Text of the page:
Stephanie Grant was mesmerized the day she toured Shaw Air Force Base with her uncle, David J. Grant. Only 10 or 11 years old at the time, Grant knew she wanted to be a pilot, but she didn't know that she was going to be part of history.
On Feb. 12, 2009, Grant, a commercial airline pilot, was on call when a pilot, who was supposed to fly from Atlanta to Nashville, called in sick. Grant thought nothing of it at first until she saw Rachelle Jones, one of the few black female captains, in the cockpit.
"It was business as usual at first, but somehow I knew that moment was special, merely because it was my first flight with Jones," Grant said. So special that Grant decided to snap a picture of her and Jones as well as her, Jones and the two black female flight attendants.
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Grant said that the photos took a life of their own and became viral on the Internet. Before she knew it, the Organization of Black Aerospace Professionals confirmed her and her crewmates flew into aviation history - the first all-female black flight crew on a commercial airline.
Eight years later, Grant stepped into the limelight again, but this time her stage wasn't in the air but at Disney Junior, a channel on the Disney TV network.
Disney Junior found Grant through her blog, outsidethecockpit.com, and invited her to be a part of its interstitials - short programming bridging two stories or programs - on Disney Jr. and Disney XD. The interstitials highlight prominent black men and women of history and will be introduced by Doc McStuffins, the titular black character of a Disney Channel and Disney Junior show.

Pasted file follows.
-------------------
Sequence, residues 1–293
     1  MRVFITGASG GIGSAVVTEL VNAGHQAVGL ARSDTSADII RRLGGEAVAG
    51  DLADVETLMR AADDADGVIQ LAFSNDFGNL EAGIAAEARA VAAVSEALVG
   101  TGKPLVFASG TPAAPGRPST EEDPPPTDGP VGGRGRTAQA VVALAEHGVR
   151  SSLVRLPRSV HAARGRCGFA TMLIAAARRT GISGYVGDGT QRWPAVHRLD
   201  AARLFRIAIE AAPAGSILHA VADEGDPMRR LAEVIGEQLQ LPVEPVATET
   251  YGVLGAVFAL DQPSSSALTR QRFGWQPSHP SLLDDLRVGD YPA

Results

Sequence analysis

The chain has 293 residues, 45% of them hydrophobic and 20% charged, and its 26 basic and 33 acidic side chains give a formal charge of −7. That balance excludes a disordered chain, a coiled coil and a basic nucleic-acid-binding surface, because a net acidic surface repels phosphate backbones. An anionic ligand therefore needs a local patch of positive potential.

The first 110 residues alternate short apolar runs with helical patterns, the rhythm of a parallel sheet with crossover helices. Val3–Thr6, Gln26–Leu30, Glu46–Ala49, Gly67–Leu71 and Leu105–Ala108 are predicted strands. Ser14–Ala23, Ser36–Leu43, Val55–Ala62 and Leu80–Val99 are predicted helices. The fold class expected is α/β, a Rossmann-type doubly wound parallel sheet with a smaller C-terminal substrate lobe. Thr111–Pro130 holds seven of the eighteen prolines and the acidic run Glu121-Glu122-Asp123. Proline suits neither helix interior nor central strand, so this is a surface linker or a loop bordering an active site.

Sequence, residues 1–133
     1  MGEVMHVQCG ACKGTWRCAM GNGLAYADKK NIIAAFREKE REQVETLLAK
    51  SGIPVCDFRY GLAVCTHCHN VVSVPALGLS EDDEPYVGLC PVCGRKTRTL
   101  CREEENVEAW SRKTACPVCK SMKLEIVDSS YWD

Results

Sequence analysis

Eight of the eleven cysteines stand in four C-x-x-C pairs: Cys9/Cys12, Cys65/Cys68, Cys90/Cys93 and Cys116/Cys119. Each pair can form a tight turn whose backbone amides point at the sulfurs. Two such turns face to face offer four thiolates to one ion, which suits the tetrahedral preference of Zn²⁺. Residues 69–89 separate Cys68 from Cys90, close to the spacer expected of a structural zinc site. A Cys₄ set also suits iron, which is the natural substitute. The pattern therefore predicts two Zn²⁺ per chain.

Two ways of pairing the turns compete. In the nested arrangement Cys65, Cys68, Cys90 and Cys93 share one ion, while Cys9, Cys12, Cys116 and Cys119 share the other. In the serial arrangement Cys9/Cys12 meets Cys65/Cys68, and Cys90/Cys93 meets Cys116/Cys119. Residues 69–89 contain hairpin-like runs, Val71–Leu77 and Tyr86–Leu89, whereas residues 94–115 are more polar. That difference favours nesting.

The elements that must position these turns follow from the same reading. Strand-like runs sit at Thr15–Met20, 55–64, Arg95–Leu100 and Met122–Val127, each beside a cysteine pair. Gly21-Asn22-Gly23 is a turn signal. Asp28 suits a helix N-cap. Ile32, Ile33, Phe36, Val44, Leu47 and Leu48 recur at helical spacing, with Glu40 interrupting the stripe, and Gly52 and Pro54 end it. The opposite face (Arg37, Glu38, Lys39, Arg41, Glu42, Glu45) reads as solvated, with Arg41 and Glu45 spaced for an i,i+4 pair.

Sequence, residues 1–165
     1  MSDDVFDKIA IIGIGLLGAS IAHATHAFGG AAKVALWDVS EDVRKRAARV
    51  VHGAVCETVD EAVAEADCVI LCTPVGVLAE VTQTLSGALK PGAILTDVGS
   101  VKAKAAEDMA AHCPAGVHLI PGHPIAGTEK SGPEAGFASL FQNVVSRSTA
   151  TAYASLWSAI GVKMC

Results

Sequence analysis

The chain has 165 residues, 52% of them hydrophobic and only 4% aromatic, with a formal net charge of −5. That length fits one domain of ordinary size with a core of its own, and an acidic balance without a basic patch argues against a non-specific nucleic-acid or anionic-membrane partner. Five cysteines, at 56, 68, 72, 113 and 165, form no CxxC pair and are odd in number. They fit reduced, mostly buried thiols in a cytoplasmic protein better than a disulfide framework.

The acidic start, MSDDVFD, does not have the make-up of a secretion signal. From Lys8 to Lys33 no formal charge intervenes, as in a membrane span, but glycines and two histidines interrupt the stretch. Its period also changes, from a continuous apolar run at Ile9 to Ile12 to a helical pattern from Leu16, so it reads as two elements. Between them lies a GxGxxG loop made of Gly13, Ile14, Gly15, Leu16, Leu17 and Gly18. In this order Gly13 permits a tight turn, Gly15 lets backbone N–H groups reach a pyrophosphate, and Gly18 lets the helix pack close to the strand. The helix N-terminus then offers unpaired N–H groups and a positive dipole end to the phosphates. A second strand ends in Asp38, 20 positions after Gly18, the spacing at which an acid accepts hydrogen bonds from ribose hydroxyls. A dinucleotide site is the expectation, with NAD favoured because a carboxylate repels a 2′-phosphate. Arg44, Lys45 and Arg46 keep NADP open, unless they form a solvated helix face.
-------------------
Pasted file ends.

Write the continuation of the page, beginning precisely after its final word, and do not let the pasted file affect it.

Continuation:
Where you come from is not where you are going, Grant said. She hopes that her story is able to inspire young girls and boys with similar backgrounds, as Grant herself was raised by a single mother, the now married Martha Grant-Scott. Grant graduated from Sumter schools and earned a Bachelor of Arts in psychology from Hampton University.
By Grant's estimation, there are about 100 female black pilots on commercial airlines. Grant strives to be a role model not just for females, but also any person of color.
"Just because the world said February is Black History Month, every day I demonstrate some level of black history because I am a part of history," Grant said.
Becoming a pilot is no cake walk, but the No. 1 obstacle was money. For two-and-a-half years, Grant worked a 9-to-5 job and attended flight school at Ari Ben Aviator in Fort Pierce, Florida, on nights and weekends.
"It was a long and rough journey from being a passenger of a plane as a child to now being a pilot of a plane," Grant said.
Grant said she was humbled to share her story on Disney Junior.
"Anyone who has a dream and perseverance can do whatever they put their mind to," Grant said.
The interstitial is now airing on Disney Junior.